Four local natural sites in Peru will benefit from a carbon offsetting project, while single-use plastics will be banned from the event
Organisers of the upcoming Pan American Games in Lima have pledge to make the event “carbon neutral” with the support of Peru’s Ministry of the Environment.
Both the Ministry of the Environment (MINAM) and National Agency of Natural Areas Protected by the State (SERNAMP) will be responsible for measuring the carbon footprint of the event, with all unavoidable emissions being offset through carbon credits.
Projects in four local natural areas – San Martín, Ucayali, Puno and Madre de Dios – will be the focus of the offsetting policy. All four projects are REDD+ certified, going beyond the reactive protection of forest and concentrating on their sustainable management.
Plans to make the event – which begins on 26 July – the “first green” Pan American Games is part of the Ministry of Environment’s Perú Limpio (or Clean Peru) sustainability initiative, which “informs and educates” citizens about good environmental practices.
Perú Limpio has four principles: responsible consumption, clean public spaces, recycling, and the payment of taxes so the government has the resources at its disposal to protect the environment. Peru, as a nation, faces a number of environmental issues. Oil and gas exploration and mining for precious metals having contributed to deforestation, water and soil pollution, as well as the displacement of indigenous people.
Minister of the Environment, Lucía Ruiz, said the Games would mark a “before and after” for sustainable sports infrastructure in Peru. Because of the high-profile nature of the event, Ruiz stressed the need to “promote a new lifestyle, with a green and clean Peru”.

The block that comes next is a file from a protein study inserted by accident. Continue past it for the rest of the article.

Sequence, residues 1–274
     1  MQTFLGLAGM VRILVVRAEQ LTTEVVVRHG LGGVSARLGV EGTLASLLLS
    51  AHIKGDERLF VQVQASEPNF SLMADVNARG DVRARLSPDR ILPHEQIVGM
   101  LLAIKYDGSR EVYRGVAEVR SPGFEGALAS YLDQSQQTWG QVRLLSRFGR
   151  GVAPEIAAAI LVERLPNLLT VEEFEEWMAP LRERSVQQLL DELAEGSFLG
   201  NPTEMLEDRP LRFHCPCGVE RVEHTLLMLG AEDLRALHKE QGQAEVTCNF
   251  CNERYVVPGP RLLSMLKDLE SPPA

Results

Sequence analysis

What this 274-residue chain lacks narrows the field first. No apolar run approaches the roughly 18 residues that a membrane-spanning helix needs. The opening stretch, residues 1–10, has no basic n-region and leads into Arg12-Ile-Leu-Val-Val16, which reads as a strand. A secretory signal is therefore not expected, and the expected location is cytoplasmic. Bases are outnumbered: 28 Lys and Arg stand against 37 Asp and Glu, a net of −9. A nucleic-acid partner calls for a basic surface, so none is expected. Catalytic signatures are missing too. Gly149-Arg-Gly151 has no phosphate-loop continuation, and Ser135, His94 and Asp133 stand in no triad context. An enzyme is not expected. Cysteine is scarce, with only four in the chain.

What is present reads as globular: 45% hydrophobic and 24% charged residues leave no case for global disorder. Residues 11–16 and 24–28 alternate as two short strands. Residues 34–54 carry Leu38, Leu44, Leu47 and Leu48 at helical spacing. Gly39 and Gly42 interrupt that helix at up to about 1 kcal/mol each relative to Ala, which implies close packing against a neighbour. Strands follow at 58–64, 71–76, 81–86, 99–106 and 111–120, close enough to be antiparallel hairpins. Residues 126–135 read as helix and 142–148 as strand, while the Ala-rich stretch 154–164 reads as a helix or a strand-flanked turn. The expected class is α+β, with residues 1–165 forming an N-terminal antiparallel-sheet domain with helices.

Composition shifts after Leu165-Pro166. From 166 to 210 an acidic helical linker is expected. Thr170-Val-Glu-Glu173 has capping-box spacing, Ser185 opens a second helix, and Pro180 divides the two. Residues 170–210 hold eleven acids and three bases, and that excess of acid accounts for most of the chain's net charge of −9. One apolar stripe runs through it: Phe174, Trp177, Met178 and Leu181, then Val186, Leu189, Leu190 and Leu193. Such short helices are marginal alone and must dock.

“The event will be in keeping with environmental issues, through the use of solar panels and renewable energy,” she added.
“These Games will represent a change and show the world what we are and what we want to be.”
As part of the Games’ environmental initiatives, food vendors will be prohibited from handing out single-use plastic bags, straws or styrofoam containers. Spectators have also been asked not to bring single-use plastics with them.
Environmental volunteers will support the Games’ sustainability vision by helping with selective waste collection and recycling.
“As a country, this is our chance to manage the environment differently and improve our habits,” said Carlos Neuhaus, president of COPAL, the body responsible for organising the Pan American Games. “Over 400 millon people around the world will be watching us, so we must do things differently. Lima will be in the spotlight and we can do better.”
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